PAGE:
President Obama called on the nation to engage in "soul searching" as he made his first public remarks Friday in the wake of the controversy over the acquittal of volunteer neighborhood watchman George Zimmerman in the shooting death of Trayvon Martin.
Obama said he's talking with aides about steps that can be taken to avoid such incidents, including a possible review of the controversial "Stand Your Ground" laws in nearly two dozen states.
Obama delivered his first extensive remarks on racism as president during the brief remarks, explaining why African Americans, including himself, have been so pained by the case.
"When Trayvon Martin was first shot, I said that this could have been my son," Obama said. "Another way of saying that is Trayvon Martin could have been me, 35 years ago."
Like other African American men, Obama said he's been followed in department stores and heard the click of car locks when he's walked past.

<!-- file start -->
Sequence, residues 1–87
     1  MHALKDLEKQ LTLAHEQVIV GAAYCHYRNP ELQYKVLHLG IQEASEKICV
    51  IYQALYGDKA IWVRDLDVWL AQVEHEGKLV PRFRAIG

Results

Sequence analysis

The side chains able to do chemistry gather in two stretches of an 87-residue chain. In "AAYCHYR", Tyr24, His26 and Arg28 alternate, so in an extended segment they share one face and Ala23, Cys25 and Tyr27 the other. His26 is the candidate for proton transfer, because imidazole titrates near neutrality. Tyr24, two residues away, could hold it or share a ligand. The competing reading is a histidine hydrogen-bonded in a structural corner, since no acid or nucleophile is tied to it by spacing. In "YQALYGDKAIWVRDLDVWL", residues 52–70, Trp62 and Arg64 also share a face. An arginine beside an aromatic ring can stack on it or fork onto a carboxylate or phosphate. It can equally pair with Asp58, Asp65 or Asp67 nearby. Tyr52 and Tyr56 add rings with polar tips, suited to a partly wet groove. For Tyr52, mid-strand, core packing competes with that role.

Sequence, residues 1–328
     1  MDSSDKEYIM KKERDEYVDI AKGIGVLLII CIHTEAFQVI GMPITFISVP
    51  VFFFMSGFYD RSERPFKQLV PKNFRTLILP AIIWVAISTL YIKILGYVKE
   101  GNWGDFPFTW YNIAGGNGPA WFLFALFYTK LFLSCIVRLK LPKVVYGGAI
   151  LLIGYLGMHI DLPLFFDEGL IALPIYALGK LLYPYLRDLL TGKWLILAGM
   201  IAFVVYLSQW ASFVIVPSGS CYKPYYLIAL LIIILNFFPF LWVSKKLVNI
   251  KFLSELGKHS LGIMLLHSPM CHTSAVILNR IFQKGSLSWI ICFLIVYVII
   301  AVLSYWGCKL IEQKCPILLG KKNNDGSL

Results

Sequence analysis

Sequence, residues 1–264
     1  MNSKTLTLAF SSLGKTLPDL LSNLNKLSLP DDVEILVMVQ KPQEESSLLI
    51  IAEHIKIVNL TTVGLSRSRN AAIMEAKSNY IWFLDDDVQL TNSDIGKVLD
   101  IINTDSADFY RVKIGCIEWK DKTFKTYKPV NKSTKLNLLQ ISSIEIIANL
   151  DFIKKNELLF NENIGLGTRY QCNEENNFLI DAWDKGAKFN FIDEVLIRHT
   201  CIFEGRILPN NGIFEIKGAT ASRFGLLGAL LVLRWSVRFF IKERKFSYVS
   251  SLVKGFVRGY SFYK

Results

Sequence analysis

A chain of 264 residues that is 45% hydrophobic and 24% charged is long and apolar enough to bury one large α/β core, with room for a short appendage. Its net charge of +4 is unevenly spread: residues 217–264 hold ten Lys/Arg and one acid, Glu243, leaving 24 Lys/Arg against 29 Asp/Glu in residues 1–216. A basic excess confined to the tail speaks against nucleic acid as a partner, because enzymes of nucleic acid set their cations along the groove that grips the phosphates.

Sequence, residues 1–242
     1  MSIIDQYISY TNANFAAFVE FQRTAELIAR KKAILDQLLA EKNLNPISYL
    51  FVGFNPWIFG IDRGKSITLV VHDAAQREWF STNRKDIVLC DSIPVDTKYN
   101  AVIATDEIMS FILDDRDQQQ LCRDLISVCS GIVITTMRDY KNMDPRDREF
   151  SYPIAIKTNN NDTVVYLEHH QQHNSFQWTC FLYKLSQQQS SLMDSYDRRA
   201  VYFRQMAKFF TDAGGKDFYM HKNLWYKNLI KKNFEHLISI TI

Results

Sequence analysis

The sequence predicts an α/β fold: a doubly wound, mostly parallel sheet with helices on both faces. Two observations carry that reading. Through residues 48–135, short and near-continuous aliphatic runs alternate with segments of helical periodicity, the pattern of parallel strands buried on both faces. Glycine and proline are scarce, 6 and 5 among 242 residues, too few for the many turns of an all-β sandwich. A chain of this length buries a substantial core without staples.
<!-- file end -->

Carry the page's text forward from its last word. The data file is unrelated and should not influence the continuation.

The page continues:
"I don't want to exaggerate this, but those sets of experiences inform how the African-American community interprets what happened one night in Florida," Obama said. "And it's inescapable for people to bring those experiences to bear"
But he said that despite criticism of the trial, it was handled properly and that "once the jury's spoken, that's how our system works."
And he called for calm, saying violence "dishonors what happens to Trayvon, and his family."
Protests began after the verdict was read last weekend and more demonstrations are scheduled for this weekend.
McClatchy Washington Bureau